"Despite significant underperformance, management's total compensation
is substantial and has increased considerably over this period."
Christian Science Monitor reveals what most economists have known for years. Free Market Project
For years, the media have been telling Americans the economy, though growing, is not producing good jobs. From Lou Dobbs’ continuous rant at CNN about “The War on the Middle Class” to the Washington Post’s E. J. Dionne claiming in a February 21 op-ed that “The decline of manufacturing employment means the economy is producing fewer well-paying jobs,” the media mantra has been that wage gains during this recovery have been very disappointing.
“Now Democrats have argued, though, that under the Bush administration, Americans have seen wages remain flat, also high health care costs and high heating oil and gas prices,” CNN’s Elaine Quijano reiterated on an April 15 “CNN Live” report.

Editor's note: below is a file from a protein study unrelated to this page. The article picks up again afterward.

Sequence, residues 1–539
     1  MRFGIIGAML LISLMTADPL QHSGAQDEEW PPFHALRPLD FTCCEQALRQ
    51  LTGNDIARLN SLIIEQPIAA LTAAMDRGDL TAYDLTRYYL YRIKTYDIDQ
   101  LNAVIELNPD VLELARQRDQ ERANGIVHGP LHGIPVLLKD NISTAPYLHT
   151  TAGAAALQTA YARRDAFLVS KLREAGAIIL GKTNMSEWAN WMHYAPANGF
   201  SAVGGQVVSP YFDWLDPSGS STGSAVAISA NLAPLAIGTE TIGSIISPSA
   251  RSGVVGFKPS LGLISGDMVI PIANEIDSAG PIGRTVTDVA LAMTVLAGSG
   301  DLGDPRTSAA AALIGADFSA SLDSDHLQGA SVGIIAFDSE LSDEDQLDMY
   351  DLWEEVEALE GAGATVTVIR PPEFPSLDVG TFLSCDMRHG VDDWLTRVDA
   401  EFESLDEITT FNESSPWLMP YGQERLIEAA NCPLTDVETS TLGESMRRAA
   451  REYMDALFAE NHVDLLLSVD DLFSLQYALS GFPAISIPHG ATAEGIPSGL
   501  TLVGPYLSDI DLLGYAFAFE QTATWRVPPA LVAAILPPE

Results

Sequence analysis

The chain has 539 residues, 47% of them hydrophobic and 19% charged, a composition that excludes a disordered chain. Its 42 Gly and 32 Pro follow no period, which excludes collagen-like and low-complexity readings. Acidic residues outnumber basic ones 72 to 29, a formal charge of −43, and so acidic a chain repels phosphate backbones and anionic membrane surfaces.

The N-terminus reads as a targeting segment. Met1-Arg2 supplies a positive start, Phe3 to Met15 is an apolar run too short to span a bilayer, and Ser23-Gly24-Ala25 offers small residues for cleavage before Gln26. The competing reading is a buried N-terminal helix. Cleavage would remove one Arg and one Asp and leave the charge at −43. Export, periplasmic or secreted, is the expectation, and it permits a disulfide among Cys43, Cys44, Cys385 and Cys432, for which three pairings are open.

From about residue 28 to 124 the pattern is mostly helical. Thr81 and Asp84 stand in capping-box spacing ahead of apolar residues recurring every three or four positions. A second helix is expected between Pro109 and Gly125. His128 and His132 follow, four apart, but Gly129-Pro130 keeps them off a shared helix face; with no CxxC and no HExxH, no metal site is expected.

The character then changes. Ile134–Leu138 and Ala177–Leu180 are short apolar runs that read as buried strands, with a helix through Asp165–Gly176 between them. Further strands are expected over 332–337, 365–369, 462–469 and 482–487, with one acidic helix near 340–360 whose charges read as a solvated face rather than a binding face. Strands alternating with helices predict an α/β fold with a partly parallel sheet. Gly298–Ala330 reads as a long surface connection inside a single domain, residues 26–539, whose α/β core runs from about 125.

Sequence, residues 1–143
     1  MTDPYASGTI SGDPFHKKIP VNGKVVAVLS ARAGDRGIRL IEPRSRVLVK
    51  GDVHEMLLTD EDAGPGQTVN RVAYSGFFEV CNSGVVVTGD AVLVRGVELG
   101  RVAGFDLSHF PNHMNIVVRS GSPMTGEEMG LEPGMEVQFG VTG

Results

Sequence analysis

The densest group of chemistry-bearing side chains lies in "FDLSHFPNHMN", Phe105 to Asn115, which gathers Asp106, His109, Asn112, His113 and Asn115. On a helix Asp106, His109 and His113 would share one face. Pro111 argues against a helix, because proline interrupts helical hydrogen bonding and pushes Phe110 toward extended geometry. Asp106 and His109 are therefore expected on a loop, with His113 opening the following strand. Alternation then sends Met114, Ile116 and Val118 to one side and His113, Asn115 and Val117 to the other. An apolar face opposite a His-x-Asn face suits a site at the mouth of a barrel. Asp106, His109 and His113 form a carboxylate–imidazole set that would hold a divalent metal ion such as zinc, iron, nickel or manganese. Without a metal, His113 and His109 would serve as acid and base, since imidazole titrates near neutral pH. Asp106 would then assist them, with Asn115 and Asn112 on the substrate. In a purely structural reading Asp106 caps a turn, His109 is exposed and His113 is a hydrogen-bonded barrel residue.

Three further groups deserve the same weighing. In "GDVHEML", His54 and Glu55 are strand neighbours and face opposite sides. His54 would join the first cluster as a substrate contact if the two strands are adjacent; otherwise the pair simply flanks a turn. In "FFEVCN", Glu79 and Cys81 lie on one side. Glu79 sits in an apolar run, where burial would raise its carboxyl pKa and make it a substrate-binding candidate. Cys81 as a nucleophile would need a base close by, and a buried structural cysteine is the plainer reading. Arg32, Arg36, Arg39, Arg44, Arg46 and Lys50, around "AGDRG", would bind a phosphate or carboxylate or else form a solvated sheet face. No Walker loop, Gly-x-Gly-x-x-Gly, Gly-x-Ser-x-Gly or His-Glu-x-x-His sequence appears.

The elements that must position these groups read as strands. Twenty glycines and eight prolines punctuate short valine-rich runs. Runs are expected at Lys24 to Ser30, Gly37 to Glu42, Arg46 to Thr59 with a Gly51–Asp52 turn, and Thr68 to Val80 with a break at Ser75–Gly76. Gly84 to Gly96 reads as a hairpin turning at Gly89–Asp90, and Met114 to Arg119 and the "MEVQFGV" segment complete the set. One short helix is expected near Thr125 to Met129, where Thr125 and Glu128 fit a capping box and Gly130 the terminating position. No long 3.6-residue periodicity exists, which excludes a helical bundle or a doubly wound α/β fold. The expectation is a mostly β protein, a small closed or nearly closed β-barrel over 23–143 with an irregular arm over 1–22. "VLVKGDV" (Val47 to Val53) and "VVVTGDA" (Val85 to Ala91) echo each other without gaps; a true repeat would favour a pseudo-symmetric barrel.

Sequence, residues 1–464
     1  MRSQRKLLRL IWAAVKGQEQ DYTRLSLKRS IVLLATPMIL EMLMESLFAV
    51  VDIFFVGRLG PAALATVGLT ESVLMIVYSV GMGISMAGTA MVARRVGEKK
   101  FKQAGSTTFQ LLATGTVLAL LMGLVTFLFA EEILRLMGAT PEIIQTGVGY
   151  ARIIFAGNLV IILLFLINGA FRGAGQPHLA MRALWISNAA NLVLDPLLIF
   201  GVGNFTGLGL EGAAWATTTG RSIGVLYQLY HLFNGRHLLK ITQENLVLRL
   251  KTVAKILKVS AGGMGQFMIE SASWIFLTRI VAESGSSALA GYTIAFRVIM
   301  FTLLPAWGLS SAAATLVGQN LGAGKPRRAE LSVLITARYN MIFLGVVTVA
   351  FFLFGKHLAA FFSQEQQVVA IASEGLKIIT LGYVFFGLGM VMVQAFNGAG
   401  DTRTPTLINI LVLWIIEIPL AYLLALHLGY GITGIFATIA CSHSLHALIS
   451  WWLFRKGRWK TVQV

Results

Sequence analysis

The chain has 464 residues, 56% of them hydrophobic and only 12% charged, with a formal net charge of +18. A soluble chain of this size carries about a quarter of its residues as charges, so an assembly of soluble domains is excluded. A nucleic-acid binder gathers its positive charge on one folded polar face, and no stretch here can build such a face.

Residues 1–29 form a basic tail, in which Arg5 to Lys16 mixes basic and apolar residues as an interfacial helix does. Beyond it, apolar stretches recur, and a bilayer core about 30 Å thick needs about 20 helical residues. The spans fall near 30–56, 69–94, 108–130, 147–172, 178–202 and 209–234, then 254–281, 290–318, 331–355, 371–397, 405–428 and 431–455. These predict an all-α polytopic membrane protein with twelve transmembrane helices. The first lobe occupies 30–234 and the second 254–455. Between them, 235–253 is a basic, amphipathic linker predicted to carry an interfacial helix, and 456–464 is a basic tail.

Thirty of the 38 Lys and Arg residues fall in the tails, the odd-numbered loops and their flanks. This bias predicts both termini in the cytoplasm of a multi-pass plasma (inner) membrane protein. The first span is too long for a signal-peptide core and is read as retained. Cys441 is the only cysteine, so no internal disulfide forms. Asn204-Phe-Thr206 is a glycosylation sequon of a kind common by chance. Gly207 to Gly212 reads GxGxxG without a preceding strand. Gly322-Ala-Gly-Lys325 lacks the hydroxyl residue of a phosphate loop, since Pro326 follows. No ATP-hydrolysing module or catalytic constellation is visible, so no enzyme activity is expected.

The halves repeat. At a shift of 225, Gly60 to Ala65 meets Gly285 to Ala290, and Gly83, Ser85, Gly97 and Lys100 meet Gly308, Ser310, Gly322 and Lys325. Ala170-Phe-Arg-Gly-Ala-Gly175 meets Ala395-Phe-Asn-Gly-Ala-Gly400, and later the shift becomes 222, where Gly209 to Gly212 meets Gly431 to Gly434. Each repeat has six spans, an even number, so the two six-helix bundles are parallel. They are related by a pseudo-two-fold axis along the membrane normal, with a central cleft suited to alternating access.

After a longtime “Chicken Little” media view of the labor markets, The Christian Science Monitor finally broke from the pack in an April 11 article by Mark Trumbull stating the “Newest job numbers show that businesses are expanding opportunities in high-wage fields.”
Just two days earlier, however, The New York Times asserted that “New technology and low-cost labor in places like China and India have put downward pressure on the wages and benefits of the average American worker.”
Who’s right? Well, the Monitor used some highly-regarded economists to support its assertions: